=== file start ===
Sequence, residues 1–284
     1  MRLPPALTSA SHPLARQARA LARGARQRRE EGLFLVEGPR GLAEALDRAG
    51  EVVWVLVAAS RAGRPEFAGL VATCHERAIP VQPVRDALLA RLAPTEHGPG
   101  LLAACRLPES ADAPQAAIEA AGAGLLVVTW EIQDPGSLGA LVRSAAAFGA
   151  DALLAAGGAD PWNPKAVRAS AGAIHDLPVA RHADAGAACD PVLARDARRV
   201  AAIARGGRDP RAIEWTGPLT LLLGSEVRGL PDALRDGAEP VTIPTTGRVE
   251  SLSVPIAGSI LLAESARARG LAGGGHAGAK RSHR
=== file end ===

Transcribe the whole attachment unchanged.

Sequence, residues 1–284
     1  MRLPPALTSA SHPLARQARA LARGARQRRE EGLFLVEGPR GLAEALDRAG
    51  EVVWVLVAAS RAGRPEFAGL VATCHERAIP VQPVRDALLA RLAPTEHGPG
   101  LLAACRLPES ADAPQAAIEA AGAGLLVVTW EIQDPGSLGA LVRSAAAFGA
   151  DALLAAGGAD PWNPKAVRAS AGAIHDLPVA RHADAGAACD PVLARDARRV
   201  AAIARGGRDP RAIEWTGPLT LLLGSEVRGL PDALRDGAEP VTIPTTGRVE
   251  SLSVPIAGSI LLAESARARG LAGGGHAGAK RSHR